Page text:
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‘The Feast of the Goat will stand out as the great emblematic novel of Latin America’s twentieth century and removes One Hundred Years of Solitude of that title.’ Times Literary Supplement
Urania Cabral, a New York lawyer, returns to the Dominican Republic after a lifelong self-imposed exile. Once she is back in her homeland, the elusive feeling of terror that has overshadowed her whole life suddenly takes shape. Urania’s own story alternates with the powerful climax of dictator Rafael Trujillo’s reign.
In 1961, Trujillo’s decadent inner circle (which includes Urania’s soon-to-be disgraced father) enjoys the luxuries of privilege while the rest of the nation lives in fear and deprivation. As Trujillo clings to power, a plot to push the Dominican Republic into the future is being formed. But after the murder of its hated dictator, the Goat, is carried out, the Dominican Republic is plunged into the nightmare of a bloody and uncertain aftermath. Now, thirty years later, Urania reveals how her own family was fatally wounded by the forces of history. In The Feast of the Goat, Mario Vargas Llosa eloquently explores the effects of power and violence on the lives of both the oppressors and those they victimized.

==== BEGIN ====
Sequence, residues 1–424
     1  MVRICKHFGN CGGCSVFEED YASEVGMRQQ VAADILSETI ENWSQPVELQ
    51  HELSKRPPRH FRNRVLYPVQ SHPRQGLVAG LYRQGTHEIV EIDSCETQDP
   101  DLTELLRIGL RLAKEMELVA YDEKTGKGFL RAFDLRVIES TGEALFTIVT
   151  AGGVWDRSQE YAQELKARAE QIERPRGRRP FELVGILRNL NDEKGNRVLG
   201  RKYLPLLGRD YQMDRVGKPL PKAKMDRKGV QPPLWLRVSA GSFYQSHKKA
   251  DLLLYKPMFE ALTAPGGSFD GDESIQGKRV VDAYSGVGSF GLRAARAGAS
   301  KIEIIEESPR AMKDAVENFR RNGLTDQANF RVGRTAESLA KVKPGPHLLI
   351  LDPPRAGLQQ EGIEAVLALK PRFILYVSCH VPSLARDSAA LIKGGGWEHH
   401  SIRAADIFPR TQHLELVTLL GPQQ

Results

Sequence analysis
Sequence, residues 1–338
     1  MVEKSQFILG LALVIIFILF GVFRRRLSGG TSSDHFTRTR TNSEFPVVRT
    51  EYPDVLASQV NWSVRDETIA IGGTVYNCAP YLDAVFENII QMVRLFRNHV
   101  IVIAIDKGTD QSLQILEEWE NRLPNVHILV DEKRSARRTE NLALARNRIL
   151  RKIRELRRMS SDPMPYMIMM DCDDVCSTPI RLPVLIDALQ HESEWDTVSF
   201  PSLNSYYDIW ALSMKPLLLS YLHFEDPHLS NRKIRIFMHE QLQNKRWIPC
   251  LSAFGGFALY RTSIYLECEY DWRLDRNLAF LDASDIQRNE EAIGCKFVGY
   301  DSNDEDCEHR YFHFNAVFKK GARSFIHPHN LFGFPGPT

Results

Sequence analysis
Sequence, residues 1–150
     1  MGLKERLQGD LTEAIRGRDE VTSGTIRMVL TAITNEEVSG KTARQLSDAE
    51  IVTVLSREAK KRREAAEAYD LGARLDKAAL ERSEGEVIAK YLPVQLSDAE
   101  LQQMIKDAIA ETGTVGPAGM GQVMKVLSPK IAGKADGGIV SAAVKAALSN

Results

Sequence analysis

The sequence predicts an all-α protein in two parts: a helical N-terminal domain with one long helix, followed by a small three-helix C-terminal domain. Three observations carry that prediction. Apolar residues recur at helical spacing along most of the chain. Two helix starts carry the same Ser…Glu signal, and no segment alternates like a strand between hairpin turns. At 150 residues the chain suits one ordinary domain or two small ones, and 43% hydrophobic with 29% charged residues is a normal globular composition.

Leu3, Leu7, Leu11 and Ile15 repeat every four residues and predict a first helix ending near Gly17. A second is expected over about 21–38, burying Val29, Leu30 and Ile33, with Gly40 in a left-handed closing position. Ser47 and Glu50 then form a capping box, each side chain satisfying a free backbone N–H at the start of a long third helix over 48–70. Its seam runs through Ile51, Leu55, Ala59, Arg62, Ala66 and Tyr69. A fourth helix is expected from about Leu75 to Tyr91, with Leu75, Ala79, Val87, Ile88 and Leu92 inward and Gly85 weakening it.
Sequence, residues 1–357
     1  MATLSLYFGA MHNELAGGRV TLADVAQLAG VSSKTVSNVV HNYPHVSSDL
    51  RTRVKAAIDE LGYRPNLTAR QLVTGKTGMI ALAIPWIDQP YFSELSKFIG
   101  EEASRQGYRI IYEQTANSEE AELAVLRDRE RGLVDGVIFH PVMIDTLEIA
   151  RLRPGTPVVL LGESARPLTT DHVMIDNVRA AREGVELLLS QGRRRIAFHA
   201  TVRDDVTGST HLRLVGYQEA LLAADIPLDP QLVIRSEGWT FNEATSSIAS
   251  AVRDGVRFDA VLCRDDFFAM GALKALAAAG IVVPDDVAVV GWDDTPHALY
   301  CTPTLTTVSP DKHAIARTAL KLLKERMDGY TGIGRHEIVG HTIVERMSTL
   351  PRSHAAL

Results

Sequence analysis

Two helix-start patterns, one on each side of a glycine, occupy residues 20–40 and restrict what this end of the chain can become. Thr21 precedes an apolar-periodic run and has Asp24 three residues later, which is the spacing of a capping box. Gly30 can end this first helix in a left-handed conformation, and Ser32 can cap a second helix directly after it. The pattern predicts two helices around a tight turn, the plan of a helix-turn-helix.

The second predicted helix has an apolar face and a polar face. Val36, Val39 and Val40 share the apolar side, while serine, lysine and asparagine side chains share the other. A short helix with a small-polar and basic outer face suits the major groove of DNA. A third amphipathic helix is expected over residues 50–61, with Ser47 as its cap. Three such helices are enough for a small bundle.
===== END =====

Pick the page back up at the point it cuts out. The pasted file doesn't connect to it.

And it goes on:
The Feast of the Goat will stand out as the great emblematic novel of Latin America's twentieth century and removes One Hundred Years of Solitude of that title.
This impressive and important novel conveys the whole texture of a totally imprisoning way of life, and it does it with all the density of a bad dream.
Vargas Llosa has pushed the boundaries of the novel, and in doing so has written a book of lasting emotional resonance.
It is a splendid novel, imbued with a passionately driving commitment.
Rich in black comedy ... The Feast of the Goat is as dark and complicated as a Jacobean tragedy; but it is also human.
It makes for page-turning reading that entertains, educates and horrifies in almost equal parts.
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